Most models of choice assume a "tug of war" (ToW) between options present at the time of the choice, arguing that preferences are built on this process, and implying that adding options increases delay to act. In contrast, the sequential choice model (SCM) proposes that choices are driven by parallel expression of the mechanisms that control action in sequential encounters, without comparative deliberation at choice time. Only the SCM predicts choice preferences based on latencies to respond in single-option encounters...
July 2018: Journal of Experimental Psychology. Animal Learning and Cognition
Carter W Daniels, Federico Sanabria
Paradoxical choices in human and nonhuman animals represent substantial deviations from rational models of behavior; such deviations often demand models that incorporate multiple perspectives, including psychology, biology, and economics. The past couple of decades have seen an increased interest in the paradoxical choice of pigeons in 2-armed bandit tasks (2ABT) developed by Zentall and colleagues. In these 2ABTs, pigeons, but not rats, systematically choose an alternative that yields less reward over multiple trials but provides more information on events within a trial, over an alternative that yields more reward over trials but provides less information on events within a trial...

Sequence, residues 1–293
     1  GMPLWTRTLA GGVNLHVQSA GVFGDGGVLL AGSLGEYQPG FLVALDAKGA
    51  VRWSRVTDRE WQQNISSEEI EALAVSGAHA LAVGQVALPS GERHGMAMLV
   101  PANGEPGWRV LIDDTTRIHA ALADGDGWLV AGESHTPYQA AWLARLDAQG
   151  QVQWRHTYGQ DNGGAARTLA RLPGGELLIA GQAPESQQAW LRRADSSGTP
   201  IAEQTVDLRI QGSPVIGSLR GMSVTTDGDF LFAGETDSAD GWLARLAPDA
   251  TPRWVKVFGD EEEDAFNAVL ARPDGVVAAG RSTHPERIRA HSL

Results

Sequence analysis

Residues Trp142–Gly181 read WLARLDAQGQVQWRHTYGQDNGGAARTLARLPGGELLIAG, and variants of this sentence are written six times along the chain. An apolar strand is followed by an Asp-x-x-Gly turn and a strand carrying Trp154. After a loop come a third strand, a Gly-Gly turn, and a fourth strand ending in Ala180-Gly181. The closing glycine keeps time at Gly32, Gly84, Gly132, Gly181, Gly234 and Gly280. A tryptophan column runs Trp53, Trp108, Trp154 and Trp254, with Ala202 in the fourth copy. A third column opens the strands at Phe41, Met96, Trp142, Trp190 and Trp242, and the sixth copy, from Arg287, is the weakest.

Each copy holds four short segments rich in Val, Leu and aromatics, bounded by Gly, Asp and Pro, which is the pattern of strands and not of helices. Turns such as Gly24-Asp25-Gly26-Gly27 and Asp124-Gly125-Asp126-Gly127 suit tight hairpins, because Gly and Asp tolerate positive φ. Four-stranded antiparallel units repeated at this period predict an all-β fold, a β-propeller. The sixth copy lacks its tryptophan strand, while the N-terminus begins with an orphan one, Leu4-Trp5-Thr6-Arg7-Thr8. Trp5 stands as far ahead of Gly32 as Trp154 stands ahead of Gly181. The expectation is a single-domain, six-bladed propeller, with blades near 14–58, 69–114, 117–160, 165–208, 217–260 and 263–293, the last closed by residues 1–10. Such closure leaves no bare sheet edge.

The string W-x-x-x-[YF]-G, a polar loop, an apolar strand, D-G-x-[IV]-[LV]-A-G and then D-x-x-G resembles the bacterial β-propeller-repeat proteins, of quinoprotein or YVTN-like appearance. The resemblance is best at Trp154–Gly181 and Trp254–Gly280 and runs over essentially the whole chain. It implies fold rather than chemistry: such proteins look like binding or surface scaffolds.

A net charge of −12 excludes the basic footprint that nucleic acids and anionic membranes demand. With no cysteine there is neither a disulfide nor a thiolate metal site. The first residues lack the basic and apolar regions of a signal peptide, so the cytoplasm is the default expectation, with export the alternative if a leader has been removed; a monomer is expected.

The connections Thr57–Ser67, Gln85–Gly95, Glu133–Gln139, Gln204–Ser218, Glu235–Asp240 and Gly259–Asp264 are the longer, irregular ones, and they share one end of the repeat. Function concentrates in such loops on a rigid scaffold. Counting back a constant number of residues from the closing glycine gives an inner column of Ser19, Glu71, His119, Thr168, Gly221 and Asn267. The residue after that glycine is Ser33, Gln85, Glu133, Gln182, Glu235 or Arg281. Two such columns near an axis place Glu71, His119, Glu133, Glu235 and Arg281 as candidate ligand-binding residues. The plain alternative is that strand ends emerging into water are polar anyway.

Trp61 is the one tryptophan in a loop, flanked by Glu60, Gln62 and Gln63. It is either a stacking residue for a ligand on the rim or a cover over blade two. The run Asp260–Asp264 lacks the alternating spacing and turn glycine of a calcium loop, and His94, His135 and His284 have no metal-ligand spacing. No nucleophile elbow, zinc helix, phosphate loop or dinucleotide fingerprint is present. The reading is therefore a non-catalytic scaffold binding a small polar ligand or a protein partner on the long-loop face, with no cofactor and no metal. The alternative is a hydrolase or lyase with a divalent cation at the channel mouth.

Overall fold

July 2018: Journal of Experimental Psychology. Animal Learning and Cognition
Tomer J Czaczkes, Alexandra Koch, Kerstin Fröber, Gesine Dreisbach
When faced with multiple competing goals, individuals must decide which goal to attend to. Voluntary task switching is an important paradigm for testing cognitive flexibility and spontaneous decision-making when competing tasks are present. Of particular importance is the study of how reward affects task switching, as reward is perhaps the most commonly used tool for shaping both human and animal behavior. Recently, Fröber and Dreisbach (2016) demonstrated that it is not reward level per se, but reward change, which most strongly affects switching behavior in humans: Task switching was lowest when reward remained high and highest when reward is changed (increase or decrease), while the repetition of low reward showed intermediate switching levels...
July 2018: Journal of Experimental Psychology. Animal Learning and Cognition
Gemma Reynolds, Phil Reed